The head of the International Monetary Fund called Friday for quick action to end uncertainty over Britain's vote to leave the European Union, which she said is dampening global economic growth.
Large U.S. banks got a lift from the June "Brexit" vote in the second quarter, but could face long-term pain from a British retreat from the European Union.
Oil prices dipped in Asia on Friday, extending the previous day's sharp losses, while analysts warned the ongoing global supply glut would likely linger.
Led by slumps in Europe and Latin America, world crude steel production fell by 1.9 percent in the first six months of 2016 compared with the same period a year earlier, the World Steel Association (WSA) said Wednesday.
Oil prices edged up in Asia Thursday following U.S. data showing a drop in inventories and tracking gains across regional markets, while traders await central bank policy meetings in Europe and Japan.
U.S. Transportation Secretary Anthony Foxx said Tuesday that he wants government regulators and the auto industry to work more closely together to test self-driving technology before people entrust their vehicle's steering and brakes to a robot.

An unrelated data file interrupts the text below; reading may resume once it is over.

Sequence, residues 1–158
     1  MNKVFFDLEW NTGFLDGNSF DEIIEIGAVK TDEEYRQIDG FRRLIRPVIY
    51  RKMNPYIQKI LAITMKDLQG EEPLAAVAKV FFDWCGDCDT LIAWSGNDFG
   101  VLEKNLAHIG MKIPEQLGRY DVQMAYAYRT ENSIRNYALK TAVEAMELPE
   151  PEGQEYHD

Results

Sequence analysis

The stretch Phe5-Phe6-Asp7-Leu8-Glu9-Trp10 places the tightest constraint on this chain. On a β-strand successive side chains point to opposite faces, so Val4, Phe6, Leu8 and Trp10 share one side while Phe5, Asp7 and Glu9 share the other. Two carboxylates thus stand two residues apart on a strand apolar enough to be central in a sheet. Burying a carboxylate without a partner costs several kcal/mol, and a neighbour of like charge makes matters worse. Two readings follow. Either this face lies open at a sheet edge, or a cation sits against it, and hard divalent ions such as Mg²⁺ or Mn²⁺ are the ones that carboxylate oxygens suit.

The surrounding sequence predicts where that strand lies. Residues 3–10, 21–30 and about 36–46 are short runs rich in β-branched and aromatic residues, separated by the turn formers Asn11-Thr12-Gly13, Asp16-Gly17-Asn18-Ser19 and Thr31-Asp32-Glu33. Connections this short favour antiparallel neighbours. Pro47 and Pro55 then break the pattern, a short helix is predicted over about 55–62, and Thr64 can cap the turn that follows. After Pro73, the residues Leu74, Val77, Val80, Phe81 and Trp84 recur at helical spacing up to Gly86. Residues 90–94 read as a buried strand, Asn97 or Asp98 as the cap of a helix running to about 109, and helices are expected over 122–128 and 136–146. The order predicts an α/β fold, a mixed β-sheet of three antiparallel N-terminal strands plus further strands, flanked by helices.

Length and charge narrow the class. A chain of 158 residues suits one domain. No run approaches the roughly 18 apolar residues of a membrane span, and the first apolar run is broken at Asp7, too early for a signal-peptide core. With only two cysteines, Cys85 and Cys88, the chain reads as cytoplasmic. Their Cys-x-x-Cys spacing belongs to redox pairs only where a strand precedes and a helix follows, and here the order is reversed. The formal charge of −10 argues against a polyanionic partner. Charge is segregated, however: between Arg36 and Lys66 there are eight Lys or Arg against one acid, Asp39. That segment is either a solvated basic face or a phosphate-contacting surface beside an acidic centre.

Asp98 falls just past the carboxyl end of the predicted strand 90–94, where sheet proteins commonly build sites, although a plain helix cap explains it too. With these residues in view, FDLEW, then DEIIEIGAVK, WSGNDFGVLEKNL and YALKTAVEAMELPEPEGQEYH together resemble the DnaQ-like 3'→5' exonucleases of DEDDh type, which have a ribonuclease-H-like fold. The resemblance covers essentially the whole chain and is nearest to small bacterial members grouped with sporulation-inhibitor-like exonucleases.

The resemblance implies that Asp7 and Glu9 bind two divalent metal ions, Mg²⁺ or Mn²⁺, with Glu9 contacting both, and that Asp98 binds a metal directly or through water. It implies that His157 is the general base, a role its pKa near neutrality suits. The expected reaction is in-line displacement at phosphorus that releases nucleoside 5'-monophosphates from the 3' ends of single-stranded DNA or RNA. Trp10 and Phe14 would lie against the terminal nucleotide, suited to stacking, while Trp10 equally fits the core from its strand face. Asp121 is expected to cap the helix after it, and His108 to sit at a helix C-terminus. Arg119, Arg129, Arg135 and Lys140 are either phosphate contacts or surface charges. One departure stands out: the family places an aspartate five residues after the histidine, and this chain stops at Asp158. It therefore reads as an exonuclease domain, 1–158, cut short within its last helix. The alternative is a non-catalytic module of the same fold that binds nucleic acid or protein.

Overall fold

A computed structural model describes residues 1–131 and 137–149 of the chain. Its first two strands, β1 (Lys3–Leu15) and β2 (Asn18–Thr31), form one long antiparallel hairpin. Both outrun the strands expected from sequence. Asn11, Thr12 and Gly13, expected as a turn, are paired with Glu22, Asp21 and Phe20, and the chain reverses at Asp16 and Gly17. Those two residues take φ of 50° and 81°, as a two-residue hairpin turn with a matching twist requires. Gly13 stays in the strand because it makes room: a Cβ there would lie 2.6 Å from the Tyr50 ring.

Europe's main stock markets rose Wednesday, led higher by eurozone indices on the eve of an interest rate decision from the European Central Bank.
The U.S. dollar broadly rose Wednesday as another positive round of U.S. data fanned speculation the Federal Reserve will lift interest rates, while central banks elsewhere consider stimulus measures to kick start growth.
Oil prices recovered slightly Wednesday from two-month lows, as traders looked ahead to U.S. energy inventory data for indications of demand in the world's biggest crude consumer.
The yen on Tuesday briefly wiped out all of the gains in the wake of Britain's vote to leave the European Union, with central bank stimulus speculation holding back the unit.